Sunday, April 25, 2010

Hamlet fish helps us understand speciation in marine environments


Scientist know very little about evolution within the Marine environment. New studies with Hamlet Fish may shine light on the process of how new species arise. Hamlet fish are a species of coral fish found in the Caribbean. So far, there are ten known species of Hamlet fish each with unique color patterns. Each species is found in their own regions of the Caribbean. Scientists use to believe that these species arose from geographical isolation, but new studies are not finding evidence of this. Using SCUBA methods, researchers are analyzing the distribution patterns of these Hamlet fish. They are finding that there are "hot spots" for each of the ten species. Some species have more than one hot spot, and many of these hot spots overlap which is not evidence for evolution by geographical isolation. These studies are also helping to understand how competition for space and food influence how these species exist together. These studies are finding that ecology, instead of geographical separation, may better explain the evolution of Hamlet fish. Many scientists also believe that Hamlets are in the process of evolving into a new species. These studies may help us understand this process.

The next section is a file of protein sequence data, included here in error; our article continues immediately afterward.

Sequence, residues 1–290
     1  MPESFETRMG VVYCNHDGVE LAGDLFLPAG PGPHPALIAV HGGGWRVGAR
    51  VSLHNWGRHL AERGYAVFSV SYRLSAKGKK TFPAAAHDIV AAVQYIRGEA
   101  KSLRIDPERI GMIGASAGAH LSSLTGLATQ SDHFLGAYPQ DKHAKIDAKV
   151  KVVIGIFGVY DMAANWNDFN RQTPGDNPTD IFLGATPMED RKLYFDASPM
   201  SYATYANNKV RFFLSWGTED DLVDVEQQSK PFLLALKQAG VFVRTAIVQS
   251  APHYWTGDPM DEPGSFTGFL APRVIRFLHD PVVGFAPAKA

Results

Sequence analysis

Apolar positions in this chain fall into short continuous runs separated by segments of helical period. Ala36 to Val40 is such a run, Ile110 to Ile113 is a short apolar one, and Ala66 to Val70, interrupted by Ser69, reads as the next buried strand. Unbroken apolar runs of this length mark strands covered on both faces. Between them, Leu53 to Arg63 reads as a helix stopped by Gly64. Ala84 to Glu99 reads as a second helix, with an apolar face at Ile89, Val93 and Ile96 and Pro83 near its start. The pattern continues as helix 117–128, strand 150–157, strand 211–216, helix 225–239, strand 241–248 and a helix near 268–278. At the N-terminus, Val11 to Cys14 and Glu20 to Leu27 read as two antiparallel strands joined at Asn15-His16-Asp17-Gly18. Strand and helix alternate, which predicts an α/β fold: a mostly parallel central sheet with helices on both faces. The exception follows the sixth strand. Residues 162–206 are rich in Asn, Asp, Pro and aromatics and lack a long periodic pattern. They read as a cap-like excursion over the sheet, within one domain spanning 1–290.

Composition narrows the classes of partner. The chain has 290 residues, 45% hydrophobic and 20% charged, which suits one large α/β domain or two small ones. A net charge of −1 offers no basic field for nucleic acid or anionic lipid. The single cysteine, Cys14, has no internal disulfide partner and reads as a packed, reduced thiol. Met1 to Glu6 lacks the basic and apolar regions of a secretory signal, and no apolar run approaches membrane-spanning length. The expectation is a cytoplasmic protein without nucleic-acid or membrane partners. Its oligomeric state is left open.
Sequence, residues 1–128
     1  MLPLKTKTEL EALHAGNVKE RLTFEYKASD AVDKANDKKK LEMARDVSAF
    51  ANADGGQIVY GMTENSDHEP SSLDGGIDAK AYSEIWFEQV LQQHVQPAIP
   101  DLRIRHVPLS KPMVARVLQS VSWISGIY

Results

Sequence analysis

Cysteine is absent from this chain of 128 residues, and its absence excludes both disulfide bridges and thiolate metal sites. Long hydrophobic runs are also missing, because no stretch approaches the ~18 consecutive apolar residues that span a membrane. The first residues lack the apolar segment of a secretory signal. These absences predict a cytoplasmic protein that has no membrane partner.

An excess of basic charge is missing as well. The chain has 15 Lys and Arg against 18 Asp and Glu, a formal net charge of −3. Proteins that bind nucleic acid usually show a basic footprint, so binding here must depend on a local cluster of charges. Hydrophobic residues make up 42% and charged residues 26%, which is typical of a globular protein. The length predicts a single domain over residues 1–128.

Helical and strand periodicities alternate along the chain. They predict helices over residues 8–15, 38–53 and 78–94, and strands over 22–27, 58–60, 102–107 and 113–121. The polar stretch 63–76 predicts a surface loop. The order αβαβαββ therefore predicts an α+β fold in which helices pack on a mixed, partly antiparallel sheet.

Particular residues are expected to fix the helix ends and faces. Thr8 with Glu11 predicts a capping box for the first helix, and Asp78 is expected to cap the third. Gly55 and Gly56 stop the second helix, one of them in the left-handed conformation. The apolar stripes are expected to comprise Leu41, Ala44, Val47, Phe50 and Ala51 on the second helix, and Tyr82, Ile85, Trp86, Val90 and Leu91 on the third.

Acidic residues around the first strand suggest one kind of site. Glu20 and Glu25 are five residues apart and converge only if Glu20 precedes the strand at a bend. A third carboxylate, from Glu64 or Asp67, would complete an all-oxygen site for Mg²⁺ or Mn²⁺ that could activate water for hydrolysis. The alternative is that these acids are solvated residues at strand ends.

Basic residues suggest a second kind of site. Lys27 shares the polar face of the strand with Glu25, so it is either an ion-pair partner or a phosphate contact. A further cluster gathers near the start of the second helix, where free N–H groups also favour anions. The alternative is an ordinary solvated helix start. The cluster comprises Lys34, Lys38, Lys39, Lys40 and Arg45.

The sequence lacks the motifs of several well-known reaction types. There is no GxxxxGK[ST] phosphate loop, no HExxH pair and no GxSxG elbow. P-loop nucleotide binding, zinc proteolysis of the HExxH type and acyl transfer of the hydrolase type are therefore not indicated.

image from:http://chemistry.csudh.edu/faculty/jim/cozjan600/indigo.JPG

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